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CIO50 2021 #17: Andrew Haddad, Vodafone New Zealand

  • Name Andrew Haddad
  • Title Chief Information Officer
  • Company Vodafone New Zealand
  • Commenced role August 2019
  • Reporting Line CEO
  • Member of the Executive Team Yes
  • Technology Function 500 staff, seven direct reports
  • Andrew Haddad joined Vodafone NZ as CIO to lead the IT elements of the company’s digital transformation journey from a legacy telco to a world-class digital services company. The company had complex legacy technology debt hindering customer and staff experience, which meant innovation was required, and CEO, Jason Paris, gave him two clear objectives — IT Stability and IT Agility.

    In 2019, he says the IT function was struggling with numerous legacy systems and technical debt following multiple mergers, acquisitions and years of underinvestment in IT systems as Vodafone Group prepared to sell the New Zealand business over an extended period. Each month it was averaging between 40-60 major IT incidents and data showed there was a direct correlation between IT incidents and a drop in customer feedback, as measured by net promoter score (NPS).

    “Our talented, hardworking IT team was burnt out and their staff engagement score was the worst in the whole business. With better IT stability, we knew we could improve both customer and staff experience, pave the way for IT Agility and move towards our goal of becoming a world-class digital services company. This became our number one team innovation focus,” he says.

    “We had a tech debt register with 367 known items that we estimate were causing approximately 20% of all our IT incidents, it was clear my first priority had to be tackling our technical debt, so we established a dedicated Problem Investigation Squad (PBI). Their sole purpose was to find and fix the underlying root cause of these known problems. The process I put in place was simple but effective, to identify the business owners impacted by each of the tech debt items, and work with them to prioritise the ones that we worked on first. This meant we weren’t just closing the easy problems but the ones having the biggest impact and fixing the true underlying cause,” he says.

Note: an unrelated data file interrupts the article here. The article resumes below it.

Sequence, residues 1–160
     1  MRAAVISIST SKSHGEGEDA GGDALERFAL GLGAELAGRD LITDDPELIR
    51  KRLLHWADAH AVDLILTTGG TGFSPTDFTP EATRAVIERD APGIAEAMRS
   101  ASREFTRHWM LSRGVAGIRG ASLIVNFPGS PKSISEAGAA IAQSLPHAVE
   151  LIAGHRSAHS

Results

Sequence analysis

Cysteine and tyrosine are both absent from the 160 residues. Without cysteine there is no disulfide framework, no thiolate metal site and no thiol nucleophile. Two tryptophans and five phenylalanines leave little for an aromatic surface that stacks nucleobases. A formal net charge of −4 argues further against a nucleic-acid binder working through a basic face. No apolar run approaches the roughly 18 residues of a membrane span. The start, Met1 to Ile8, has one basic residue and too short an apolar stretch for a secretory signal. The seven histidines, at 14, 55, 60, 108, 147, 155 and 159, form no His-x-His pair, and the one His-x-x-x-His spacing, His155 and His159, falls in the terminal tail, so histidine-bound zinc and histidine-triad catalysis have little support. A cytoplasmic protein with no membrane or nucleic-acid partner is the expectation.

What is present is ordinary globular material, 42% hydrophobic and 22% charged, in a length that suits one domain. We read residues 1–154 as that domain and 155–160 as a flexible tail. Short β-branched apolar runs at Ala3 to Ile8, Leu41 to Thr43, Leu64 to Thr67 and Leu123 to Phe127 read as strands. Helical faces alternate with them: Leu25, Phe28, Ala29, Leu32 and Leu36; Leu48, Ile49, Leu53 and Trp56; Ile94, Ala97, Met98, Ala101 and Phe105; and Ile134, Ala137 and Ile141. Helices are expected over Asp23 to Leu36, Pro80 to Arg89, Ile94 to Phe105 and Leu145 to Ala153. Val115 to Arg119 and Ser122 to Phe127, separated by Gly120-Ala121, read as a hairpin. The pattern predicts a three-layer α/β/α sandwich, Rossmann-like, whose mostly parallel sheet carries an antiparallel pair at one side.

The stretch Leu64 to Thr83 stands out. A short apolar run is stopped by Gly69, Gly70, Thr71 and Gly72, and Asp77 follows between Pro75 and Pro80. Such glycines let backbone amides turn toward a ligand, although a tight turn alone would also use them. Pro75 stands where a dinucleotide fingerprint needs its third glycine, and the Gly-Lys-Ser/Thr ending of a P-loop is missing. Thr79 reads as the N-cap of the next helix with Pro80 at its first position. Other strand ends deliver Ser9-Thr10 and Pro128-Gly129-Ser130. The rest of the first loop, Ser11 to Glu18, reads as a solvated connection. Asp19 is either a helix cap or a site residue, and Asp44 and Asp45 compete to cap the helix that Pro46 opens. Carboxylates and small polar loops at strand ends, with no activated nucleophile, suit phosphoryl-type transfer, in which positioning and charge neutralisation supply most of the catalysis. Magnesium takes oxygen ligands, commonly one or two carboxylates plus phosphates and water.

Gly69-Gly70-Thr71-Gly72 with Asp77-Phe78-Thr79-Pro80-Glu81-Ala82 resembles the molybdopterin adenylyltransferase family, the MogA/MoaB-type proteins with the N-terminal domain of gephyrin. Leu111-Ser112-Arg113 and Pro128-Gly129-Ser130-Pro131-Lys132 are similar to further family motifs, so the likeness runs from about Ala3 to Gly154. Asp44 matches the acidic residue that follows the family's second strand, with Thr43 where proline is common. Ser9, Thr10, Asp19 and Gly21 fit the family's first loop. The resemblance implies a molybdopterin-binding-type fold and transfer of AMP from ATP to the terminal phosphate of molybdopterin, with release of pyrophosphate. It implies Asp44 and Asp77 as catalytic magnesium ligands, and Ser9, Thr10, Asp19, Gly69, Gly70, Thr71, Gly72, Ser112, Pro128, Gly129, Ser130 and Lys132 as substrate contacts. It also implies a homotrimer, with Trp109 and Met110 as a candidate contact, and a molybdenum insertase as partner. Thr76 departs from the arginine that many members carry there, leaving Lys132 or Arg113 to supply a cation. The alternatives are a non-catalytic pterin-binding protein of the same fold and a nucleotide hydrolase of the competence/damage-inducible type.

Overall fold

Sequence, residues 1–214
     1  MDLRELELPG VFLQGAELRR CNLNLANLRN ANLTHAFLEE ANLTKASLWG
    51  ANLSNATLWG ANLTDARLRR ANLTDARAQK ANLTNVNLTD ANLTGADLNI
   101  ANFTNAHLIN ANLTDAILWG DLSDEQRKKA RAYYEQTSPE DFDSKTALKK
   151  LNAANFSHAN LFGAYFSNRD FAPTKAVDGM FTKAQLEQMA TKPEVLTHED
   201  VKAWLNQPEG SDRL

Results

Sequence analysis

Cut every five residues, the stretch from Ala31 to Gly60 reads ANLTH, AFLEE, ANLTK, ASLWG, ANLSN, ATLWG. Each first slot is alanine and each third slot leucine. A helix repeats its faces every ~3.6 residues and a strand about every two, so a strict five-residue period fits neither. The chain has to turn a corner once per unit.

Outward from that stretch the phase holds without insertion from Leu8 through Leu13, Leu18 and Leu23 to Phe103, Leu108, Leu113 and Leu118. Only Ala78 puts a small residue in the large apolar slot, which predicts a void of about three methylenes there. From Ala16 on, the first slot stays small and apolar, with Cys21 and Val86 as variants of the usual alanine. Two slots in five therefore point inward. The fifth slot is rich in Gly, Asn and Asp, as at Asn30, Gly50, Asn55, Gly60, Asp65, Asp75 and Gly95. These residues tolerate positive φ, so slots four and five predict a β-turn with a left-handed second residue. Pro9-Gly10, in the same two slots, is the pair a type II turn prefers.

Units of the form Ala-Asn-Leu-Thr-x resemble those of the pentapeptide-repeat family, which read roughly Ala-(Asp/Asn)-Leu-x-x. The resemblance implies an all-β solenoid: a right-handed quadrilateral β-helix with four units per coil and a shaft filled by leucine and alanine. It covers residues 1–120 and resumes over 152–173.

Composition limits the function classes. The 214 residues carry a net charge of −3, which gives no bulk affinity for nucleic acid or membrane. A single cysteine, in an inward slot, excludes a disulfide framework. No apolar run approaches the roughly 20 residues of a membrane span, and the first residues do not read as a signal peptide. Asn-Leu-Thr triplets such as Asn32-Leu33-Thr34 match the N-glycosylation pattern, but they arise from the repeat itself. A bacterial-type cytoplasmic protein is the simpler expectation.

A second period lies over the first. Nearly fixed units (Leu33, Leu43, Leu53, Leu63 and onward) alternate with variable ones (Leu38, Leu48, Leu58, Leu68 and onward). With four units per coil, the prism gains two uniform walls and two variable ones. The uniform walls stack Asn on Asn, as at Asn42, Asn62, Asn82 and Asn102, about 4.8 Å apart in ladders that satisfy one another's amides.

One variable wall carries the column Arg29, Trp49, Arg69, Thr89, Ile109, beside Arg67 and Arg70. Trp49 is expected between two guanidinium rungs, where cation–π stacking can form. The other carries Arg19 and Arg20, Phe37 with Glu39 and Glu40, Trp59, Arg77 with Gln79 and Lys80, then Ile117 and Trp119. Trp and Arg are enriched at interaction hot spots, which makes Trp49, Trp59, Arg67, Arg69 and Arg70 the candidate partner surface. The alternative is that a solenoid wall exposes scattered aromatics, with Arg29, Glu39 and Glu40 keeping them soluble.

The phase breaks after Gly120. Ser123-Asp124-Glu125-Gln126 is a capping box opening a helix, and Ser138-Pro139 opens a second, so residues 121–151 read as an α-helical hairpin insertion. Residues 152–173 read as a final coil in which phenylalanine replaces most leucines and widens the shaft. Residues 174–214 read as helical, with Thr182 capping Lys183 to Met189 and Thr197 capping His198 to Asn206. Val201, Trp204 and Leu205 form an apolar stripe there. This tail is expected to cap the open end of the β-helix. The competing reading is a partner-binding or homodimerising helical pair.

For each fix, the team documented a one-page solution document, which the business signed off once implemented to verify the fix had been effective. This measurement approach and focus on driving customer benefit was important in reducing technical debt and driving better IT stability, Haddad says.

    “In the last two years the PBI Squad have reduced our tech debt by 78% with just 81 items remaining. The value of this innovation shows in customer experience and staff experience metrics, which have significantly improved. The IT team NPS has moved from -29 (needs improvement) to +36 (great), a massive improvement that is palpable in the team culture.”

    IT influence extended and enhanced

    Under the Vodafone Group, the IT business unit was part of the technology team. However, following Vodafone NZ’s ownership change, IT was elevated to being part of the executive team, with an increasingly important remit of delivering a high-functioning operating environment to underpin operations and digital transformation.

    Haddad is actively involved in Vodafone NZ’s employee networks — including encouraging participation in the groups and attending a range of events. The employee networks include Salam (Muslim Vodafoners), VoChi (Vodafone Chinese), Rainbow Whanau (LGBTIQ+) and Mana Wahine (Women at Vodafone) and Pasifika Collective.

    “I try to promote female leadership within our IT team and active participation in networking events both internally and externally. I’m the co-executive sponsor of our Māori development staff engagement program and help to champion initiatives to promote te ao Māori within our business.”

     

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